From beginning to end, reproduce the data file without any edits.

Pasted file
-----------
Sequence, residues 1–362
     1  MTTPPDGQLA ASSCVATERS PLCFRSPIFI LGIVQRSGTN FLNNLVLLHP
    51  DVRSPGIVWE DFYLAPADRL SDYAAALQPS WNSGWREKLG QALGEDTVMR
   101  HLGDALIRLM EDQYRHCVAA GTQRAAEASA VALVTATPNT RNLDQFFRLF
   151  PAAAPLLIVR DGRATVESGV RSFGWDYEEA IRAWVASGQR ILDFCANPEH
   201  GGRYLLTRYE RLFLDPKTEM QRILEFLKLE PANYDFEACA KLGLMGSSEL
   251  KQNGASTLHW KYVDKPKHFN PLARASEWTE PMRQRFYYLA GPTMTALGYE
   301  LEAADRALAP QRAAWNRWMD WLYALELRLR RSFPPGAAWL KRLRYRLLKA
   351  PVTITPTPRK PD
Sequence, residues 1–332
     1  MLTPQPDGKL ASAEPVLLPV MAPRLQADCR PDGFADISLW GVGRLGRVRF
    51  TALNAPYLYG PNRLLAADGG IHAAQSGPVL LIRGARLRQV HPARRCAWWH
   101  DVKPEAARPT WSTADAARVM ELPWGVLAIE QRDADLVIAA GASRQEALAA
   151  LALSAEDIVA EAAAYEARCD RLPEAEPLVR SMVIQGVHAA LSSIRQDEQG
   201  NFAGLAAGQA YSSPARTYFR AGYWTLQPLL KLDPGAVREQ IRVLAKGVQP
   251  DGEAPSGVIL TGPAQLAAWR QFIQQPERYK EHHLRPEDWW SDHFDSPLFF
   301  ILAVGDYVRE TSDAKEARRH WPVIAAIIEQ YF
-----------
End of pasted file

Sequence, residues 1–362
     1  MTTPPDGQLA ASSCVATERS PLCFRSPIFI LGIVQRSGTN FLNNLVLLHP
    51  DVRSPGIVWE DFYLAPADRL SDYAAALQPS WNSGWREKLG QALGEDTVMR
   101  HLGDALIRLM EDQYRHCVAA GTQRAAEASA VALVTATPNT RNLDQFFRLF
   151  PAAAPLLIVR DGRATVESGV RSFGWDYEEA IRAWVASGQR ILDFCANPEH
   201  GGRYLLTRYE RLFLDPKTEM QRILEFLKLE PANYDFEACA KLGLMGSSEL
   251  KQNGASTLHW KYVDKPKHFN PLARASEWTE PMRQRFYYLA GPTMTALGYE
   301  LEAADRALAP QRAAWNRWMD WLYALELRLR RSFPPGAAWL KRLRYRLLKA
   351  PVTITPTPRK PD
Sequence, residues 1–332
     1  MLTPQPDGKL ASAEPVLLPV MAPRLQADCR PDGFADISLW GVGRLGRVRF
    51  TALNAPYLYG PNRLLAADGG IHAAQSGPVL LIRGARLRQV HPARRCAWWH
   101  DVKPEAARPT WSTADAARVM ELPWGVLAIE QRDADLVIAA GASRQEALAA
   151  LALSAEDIVA EAAAYEARCD RLPEAEPLVR SMVIQGVHAA LSSIRQDEQG
   201  NFAGLAAGQA YSSPARTYFR AGYWTLQPLL KLDPGAVREQ IRVLAKGVQP
   251  DGEAPSGVIL TGPAQLAAWR QFIQQPERYK EHHLRPEDWW SDHFDSPLFF
   301  ILAVGDYVRE TSDAKEARRH WPVIAAIIEQ YF